A decade after teen's killing, northern Manitoba memorial walk calls for justice for Leah Anderson
'I would let [her killer] know that I already forgave them,' says sister of 15-year-old who was killed in 2013
A group of community members from a northern Manitoba reserve gathered Wednesday at the spot where a 15-year-old girl was found brutally beaten to death a decade ago, calling for justice for Leah Anderson — whose killing remains unsolved.
The Cree teen left her aunt's house in Gods Lake Narrows on Jan. 4, 2013, saying she was going to skate with friends at the local rink.
Her body was found severely disfigured from a violent beating two days later, RCMP said.
While her injuries were so severe people initially believed she had been mauled by dogs, police later determined her death was a homicide.
However, no one has yet been charged in connection with her death.
"We wanted to keep reminding people, especially RCMP, that this case is still unsolved," said Hubert Watt, chief of God's Lake First Nation, which includes the community of Gods Lake Narrows.
"We'd like to know if they're still active on the case. We don't really know."
During Wednesday's memorial, some walked while others followed in vehicles, Watt said. They offered prayers and songs near the spot where Leah's body was discovered.
"It's really great that they spoke up for my sister that way," Tiffany Anderson told CBC. "I'm glad to know that they're still thinking about her as much as I do."
She remembers her sister as a bright girl and genuine soul who was like "the sunshine in the room." Leah's killing has been difficult for all of her siblings, Tiffany said.
She said she spoke with police about the investigation into her sister's death last year but was given the same information she'd previously received.
She wants RCMP to return to Gods Lake Narrows and keep investigating what happened the night Leah was last seen alive.
'People wonder why somebody hasn't been caught'
The northern Manitoba community, which is 250 kilometres southeast of the city of Thompson, is only accessible by air or by ice road in the winter.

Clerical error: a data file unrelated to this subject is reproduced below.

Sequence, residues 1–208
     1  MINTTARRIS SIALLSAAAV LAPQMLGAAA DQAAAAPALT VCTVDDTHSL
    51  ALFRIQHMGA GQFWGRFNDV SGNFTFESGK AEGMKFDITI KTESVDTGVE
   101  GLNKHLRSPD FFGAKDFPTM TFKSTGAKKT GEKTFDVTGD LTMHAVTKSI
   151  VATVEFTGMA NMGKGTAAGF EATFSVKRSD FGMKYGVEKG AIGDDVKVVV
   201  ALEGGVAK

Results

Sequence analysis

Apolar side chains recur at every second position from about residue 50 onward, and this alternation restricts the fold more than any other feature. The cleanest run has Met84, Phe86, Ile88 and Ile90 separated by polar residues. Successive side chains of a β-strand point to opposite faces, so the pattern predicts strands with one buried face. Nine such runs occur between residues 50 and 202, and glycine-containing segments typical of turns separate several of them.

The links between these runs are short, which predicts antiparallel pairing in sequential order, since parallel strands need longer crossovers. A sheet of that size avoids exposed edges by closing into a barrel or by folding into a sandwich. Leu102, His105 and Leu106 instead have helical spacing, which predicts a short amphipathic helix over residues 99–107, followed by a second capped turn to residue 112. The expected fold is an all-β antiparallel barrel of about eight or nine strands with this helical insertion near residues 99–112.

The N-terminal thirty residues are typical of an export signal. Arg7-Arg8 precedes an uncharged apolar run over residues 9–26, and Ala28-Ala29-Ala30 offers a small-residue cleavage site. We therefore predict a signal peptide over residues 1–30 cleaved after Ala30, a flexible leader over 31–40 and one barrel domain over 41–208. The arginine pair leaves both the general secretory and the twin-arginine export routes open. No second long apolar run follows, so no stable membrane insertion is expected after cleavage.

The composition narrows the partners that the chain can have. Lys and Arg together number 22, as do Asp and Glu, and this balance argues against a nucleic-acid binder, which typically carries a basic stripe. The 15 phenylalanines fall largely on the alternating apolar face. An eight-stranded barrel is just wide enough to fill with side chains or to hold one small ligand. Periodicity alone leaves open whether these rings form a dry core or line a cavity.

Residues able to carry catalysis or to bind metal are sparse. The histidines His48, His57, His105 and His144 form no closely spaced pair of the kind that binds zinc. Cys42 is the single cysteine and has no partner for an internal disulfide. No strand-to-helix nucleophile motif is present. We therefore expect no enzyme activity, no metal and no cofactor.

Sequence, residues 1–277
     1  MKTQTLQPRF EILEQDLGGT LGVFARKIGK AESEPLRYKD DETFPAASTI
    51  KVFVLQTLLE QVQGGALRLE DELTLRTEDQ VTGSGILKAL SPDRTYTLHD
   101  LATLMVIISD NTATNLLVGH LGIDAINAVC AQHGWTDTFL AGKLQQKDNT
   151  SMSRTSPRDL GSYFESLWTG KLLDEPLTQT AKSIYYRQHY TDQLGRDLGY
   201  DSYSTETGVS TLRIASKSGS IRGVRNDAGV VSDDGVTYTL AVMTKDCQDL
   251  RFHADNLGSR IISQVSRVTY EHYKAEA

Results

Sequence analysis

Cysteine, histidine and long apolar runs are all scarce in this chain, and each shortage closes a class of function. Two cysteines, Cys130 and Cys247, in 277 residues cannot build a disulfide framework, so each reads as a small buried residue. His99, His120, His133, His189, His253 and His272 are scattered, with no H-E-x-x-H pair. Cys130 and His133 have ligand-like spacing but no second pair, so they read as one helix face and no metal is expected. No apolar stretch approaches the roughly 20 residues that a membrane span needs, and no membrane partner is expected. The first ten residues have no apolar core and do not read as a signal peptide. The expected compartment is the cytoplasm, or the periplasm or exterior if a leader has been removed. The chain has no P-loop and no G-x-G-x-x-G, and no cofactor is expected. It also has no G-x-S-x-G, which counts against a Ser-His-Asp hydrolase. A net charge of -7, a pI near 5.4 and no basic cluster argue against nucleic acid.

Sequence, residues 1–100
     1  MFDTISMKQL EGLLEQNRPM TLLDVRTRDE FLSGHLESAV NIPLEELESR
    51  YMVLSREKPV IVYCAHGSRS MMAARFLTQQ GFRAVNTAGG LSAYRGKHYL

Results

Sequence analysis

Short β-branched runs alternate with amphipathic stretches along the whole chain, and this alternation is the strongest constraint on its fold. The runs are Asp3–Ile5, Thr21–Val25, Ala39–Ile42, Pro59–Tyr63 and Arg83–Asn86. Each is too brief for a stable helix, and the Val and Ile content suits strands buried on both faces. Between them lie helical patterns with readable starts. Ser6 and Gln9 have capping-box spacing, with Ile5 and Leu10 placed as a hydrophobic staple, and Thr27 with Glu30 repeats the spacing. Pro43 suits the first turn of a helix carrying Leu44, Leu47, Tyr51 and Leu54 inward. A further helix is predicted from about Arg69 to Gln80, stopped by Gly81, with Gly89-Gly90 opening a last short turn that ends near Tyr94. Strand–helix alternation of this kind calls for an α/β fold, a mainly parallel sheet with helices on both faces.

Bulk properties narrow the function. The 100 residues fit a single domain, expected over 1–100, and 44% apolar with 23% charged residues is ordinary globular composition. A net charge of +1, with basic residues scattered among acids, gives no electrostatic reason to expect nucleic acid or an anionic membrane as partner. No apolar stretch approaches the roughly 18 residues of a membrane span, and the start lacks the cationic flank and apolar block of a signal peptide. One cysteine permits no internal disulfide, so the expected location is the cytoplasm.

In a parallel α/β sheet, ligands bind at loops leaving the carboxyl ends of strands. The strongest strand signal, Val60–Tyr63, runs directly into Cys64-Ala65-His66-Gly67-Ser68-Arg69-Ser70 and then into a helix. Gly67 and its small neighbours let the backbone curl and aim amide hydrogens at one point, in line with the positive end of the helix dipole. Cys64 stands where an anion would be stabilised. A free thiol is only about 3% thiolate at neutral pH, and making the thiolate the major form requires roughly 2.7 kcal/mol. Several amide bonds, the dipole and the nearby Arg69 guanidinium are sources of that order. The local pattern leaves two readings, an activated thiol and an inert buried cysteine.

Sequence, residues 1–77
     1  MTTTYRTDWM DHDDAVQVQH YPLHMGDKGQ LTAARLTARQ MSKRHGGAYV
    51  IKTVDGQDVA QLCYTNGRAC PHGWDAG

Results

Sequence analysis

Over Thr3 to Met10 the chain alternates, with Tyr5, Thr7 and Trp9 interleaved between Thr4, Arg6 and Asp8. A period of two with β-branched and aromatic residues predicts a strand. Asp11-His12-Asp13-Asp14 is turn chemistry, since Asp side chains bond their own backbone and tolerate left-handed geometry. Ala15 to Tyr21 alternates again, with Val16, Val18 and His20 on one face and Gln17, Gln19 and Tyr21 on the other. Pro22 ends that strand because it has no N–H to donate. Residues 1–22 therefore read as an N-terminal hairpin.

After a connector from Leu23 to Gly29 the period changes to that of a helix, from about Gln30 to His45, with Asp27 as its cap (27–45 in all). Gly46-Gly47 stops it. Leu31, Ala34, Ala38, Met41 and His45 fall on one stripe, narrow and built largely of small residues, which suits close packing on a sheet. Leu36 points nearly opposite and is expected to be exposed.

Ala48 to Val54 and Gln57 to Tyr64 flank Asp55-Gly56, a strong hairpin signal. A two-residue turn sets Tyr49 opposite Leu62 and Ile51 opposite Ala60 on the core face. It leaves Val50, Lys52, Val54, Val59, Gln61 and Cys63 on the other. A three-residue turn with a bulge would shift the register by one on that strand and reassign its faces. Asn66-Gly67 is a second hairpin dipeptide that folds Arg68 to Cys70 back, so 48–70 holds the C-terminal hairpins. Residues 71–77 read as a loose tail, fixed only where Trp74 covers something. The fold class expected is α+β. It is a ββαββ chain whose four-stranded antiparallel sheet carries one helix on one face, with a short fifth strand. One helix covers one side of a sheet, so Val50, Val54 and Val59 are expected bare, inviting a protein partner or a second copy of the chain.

"People wonder why somebody hasn't been caught, especially in a small fly-in community," said Watt.
Given that the community's ice road was closed when Leah was killed, it was very likely the person responsible was still in the community in the days following, Manitoba RCMP said in a July 2017 Facebook post.
Police also said in that post they had "made significant advancements in the investigation … narrowing down the suspects and determining that the killer was a male and known to Leah."
Just days after that 2017 Facebook post, a 23-year-old man from Gods Lake Narrows was arrested in connection with Anderson's death. However, that man — whom RCMP have not named — was released the following day without charges.
He remains the sole suspect, RCMP said this week.
Watt says the last time RCMP met with the community to discuss the case was in 2020.
Community members are hoping someone will come forward and identify Leah's killer so that her community and family can have closure, he said.
Wednesday's event was also a way to put pressure on RCMP to be more transparent about their investigation, said Watt.
"A lot of people feel that they've forgotten all about it."
'Difficult investigation' continuing: RCMP
Manitoba RCMP Staff Sgt. Chris Johnson told CBC he plans to go to Gods Lake Narrows in the coming weeks to speak with the community about Leah's case.
However, "with an ongoing investigation, there's always nuances of that investigation that we're not going to discuss with the public," said Johnson.
"It is a difficult investigation," and time is never on an investigator's side, he said.
But significant investigation was done from the beginning and none of the information collected over the last 10 years has been lost, Johnson said.
The 10th anniversary of Leah's killing would certainly be a period of self-reflection for the person responsible, he said.
"It is easier to take the coward's route," said Johnson. "However, in doing that, they carry a heavy burden with them for the rest of their life."
The years that have passed since the teen's death have been difficult for her family and community, as well as for the investigators working to solve the case, said Johnson.
"It's certainly a tragic thing that has occurred. A young lady had the rest of her life to look forward to."
Investigators "are certainly motivated to see a successful outcome on this file," he said, but even if someone is charged, "that successful outcome has to be a result of a successful prosecution."
While she still wants to see justice for her sister, 10 years later, Tiffany's message to her sister's killer is one of forgiveness.
"If I could say something to that person, I would let them know that I already forgave them," she said.
"I hope that they find peace with themself after living with something like that."